From: Klunk on
On Sun, 17 Aug 2008 15:57:22 +0000, alexd passed an empty day by writing:

> On Sat, 16 Aug 2008 18:59:40 +0100, Daniel James wrote:
>> In article news:<48a6b33a$0$629$bed64819(a)>, Alexd
>> wrote:
>>> The Debian packages make it easy enough.
>> I'm using Gentoo ...
>> The problem isn't getting the software installed -- that's all done --
>> but I have some intractable problem with MySQL configuration the
>> details of which escape me.
> That's why I like Debian - dbconfig-common makes this kind of stuff a
> walk in the park.

Debian -and- Ubuntu (being Deb based) have done wonders for Linux and I
applaud them. How easy is it to install software for example. One short
line of text and your done. apt-get install <program>. That is utter

powered by Linux - bastardized by Window$ -
From: F8BOE on
Daniel James wrote:

> In article news:<48a5fae1$0$15508$426a34cc(a)>, F8Boe wrote:
>> FreeNAS
> I've certainly looked at FreeNAS.
> FreeNAS is based on M0n0wall, which in turn is based on FreeBSD, and I
> know less about that than I do about linux.
> The FreeNAS site has a lot about what FreeNAS can and can't do ... but
> it doesn't say anything about whether it's possible to add packages
> that aren't part of FreeNAS itself -- such as a version control server.
> Can that be done (without extraordinary effort)?
> The FAQ entry:
> First and foremost FreeNAS was developed as a Network Attached
> Storage application, not a router, media server, etc. There may
> be future development streams, plug-ins, modules or patches to
> FreeNAS to make some other functions work, but not until the
> basic NAS functions are stabilised. If you have skills to do
> this, share your expertise, please.
> rather suggests I shouldn't hold my breath.
> Cheers,
> Daniel.

A "full" install of FreeNAS is an equivalent of a FreeBSD install and with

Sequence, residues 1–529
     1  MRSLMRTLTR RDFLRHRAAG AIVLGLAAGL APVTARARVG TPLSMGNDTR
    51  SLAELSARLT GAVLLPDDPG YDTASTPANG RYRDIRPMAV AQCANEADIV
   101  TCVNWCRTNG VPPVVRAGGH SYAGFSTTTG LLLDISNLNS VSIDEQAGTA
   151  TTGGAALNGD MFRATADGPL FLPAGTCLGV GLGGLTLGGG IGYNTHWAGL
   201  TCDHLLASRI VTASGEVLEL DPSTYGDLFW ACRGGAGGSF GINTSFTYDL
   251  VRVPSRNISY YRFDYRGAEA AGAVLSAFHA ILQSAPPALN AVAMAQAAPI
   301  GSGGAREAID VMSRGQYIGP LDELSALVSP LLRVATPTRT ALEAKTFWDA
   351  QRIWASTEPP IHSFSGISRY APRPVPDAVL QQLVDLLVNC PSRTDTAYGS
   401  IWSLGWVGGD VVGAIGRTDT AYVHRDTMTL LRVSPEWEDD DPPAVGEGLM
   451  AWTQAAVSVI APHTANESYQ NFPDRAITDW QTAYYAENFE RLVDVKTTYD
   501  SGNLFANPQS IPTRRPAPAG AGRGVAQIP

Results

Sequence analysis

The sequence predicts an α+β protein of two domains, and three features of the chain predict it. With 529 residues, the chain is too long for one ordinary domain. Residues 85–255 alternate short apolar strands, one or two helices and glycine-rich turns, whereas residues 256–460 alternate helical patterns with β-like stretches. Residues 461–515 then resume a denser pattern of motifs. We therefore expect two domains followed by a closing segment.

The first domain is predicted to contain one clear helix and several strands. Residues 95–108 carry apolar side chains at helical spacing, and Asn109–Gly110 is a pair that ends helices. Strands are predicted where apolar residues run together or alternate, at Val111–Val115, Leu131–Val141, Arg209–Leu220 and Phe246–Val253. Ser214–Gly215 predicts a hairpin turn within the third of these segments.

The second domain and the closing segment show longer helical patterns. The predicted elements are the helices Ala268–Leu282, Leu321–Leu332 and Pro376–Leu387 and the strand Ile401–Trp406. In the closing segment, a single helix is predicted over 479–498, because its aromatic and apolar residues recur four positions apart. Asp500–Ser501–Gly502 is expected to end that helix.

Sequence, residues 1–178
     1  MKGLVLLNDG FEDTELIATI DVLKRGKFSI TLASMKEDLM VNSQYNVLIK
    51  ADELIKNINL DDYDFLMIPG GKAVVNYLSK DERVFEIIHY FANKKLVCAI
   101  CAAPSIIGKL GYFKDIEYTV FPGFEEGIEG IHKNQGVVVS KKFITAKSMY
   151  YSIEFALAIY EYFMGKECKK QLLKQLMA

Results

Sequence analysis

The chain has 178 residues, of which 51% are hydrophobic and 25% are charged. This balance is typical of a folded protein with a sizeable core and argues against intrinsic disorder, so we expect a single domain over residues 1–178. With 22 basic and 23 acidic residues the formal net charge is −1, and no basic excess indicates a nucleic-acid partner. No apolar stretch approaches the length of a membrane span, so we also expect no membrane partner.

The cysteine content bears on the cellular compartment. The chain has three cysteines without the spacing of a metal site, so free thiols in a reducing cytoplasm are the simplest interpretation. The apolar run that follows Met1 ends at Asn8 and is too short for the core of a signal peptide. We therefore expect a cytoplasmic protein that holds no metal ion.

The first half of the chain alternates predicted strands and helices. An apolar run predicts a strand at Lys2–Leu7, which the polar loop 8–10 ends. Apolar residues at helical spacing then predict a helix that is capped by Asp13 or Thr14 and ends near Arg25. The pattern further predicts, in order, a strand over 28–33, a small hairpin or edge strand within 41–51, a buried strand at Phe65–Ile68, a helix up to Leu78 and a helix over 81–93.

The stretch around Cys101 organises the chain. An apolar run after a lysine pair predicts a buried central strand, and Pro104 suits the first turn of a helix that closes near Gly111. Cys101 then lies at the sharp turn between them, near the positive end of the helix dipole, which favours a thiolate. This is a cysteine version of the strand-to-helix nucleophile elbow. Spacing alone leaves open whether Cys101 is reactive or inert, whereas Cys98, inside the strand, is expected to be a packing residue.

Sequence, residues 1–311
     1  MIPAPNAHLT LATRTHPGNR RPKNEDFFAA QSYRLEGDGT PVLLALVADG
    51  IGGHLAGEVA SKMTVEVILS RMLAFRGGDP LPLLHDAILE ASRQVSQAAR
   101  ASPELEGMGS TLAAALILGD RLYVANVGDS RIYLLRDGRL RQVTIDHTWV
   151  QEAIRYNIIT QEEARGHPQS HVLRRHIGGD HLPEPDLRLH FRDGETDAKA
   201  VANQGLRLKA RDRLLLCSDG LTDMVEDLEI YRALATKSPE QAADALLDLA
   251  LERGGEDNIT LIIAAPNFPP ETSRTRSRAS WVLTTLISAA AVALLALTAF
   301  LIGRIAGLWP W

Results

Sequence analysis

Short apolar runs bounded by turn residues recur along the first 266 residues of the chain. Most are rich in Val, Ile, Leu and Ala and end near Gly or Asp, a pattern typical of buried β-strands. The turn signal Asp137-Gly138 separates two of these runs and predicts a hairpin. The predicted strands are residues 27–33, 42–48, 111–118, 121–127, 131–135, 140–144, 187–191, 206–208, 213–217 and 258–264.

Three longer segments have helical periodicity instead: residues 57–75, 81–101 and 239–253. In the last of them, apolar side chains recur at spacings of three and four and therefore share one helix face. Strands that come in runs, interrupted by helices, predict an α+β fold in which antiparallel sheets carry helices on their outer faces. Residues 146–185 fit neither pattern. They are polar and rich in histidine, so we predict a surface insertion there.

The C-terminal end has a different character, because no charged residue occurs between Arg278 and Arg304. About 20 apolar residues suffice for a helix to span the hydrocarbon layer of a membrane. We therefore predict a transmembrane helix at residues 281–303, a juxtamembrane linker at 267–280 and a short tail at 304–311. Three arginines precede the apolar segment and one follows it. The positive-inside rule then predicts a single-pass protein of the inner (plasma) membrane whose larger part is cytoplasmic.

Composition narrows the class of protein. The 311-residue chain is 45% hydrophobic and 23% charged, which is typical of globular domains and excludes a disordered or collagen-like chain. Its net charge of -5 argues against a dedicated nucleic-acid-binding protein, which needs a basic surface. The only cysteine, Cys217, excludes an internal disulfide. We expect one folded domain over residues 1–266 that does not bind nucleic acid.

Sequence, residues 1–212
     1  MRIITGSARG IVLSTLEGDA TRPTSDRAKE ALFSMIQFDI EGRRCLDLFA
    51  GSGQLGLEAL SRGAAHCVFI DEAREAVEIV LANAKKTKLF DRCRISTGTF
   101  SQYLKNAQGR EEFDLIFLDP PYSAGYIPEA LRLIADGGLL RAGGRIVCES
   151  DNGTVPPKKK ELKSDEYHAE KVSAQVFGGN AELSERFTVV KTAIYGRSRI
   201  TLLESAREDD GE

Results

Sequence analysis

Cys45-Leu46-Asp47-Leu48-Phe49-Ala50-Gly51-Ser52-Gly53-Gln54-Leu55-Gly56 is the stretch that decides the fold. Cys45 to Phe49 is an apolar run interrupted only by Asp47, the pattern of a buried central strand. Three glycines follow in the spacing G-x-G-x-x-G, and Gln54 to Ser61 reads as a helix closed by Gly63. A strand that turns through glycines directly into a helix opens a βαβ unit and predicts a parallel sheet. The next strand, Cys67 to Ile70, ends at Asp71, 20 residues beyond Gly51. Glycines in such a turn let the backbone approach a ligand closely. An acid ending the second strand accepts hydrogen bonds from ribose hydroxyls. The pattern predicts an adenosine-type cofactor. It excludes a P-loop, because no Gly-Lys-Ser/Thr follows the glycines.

this config it is possible to add/compile packages as on every other Unix

Ciao @+
From: Daniel James on
In article news:<48a84a62$0$629$bed64819(a)>, Alexd
> That's why I like Debian - dbconfig-common makes this kind of stuff a
> walk in the park.

I quite like Debian too ... I started to use Gentoo partly as a learning
experience (as is LFS, but that seemed to require more knowledge of
linux than I had at the time just to ask the right questions) and
carried on with it because I liked the way Portage manages dependencies
/almost/ transparently (apt is pretty good, too) and partly because I
wanted to optimize my mini-ITX build as much as possible given the
modest hardware. I had previously used SuSe and Fedora and had run into
some problems that Gentoo just didn't seem to have.

In fairness to Gentoo I'll say that my troubles with MySQL configuration
are probably all of my own doing ... I vaguely recall that after a
system update I got a message telling me about some incompatibility
between the old and new versions and that I should change some aspect of
the MySQL setup ... I thought "yeah, later ... too busy now" ... and
when I actually came back to trying to /use/ MySQL there had been more
updates and I'd lost the instructions for changing the config and
couldn't remember what the issue had been anyway.

That's why I say a reinstall will probably fix it ...


From: Daniel James on
In article news:<VA.000014b4.254136db(a)>, Daniel James
> > I doubt it. Though X-RAID is "patent pending", so maybe the patent
> > application gives enough information to recover the data?
> Quite. I find that all rather offputting.

Though ... reading the manual for the ReadyNAS box online ... it seems
that you can choose to use real RAID-1 instead of X-RAID.

Decisions, decisions ...


From: Charles Lindsey on
In <VA.000014a7.1fa82938(a)> Daniel James <wastebasket(a)> writes:

>So, I'm toying with four options.

>1. A NAS appliance. There are some that support samba and NFS and would
>meet my minimum requirement. These things generally run low-power CPUs
>(often ARM or PPC) so run at quite low power, which is good for
>cost/greenness but makes it harder to customize them.

>I might possibly, at some later date, play around with running modified
>firmware (these things mostly run some sort of linux, with a web
>interface for admin and some sort of bundled backup application) but I
>don't want to get into trying to cross-compile unfamiliar distros and
>reflashing unfamiliar hardware (possibly irreversibly) at this stage
>.. so realistically the NAS appliance route offers me just the minimum

If you are prepared to reflash a device and build up a system of your own
devising on it, then the Linksys NSLU2 (aka the "Slug") is a good start,
because there is a website full of ready
compiled stuff to put up on it. Though I am sure you would want to invest
in a cross-compiler to add your own stuff later on.

Charles H. Lindsey ---------At Home, doing my own thing------------------------
Tel: +44 161 436 6131 Fax: +44 161 436 6133 Web:
Email: chl(a) Snail: 5 Clerewood Ave, CHEADLE, SK8 3JU, U.K.
PGP: 2C15F1A9 Fingerprint: 73 6D C2 51 93 A0 01 E7 65 E8 64 7E 14 A4 AB A5
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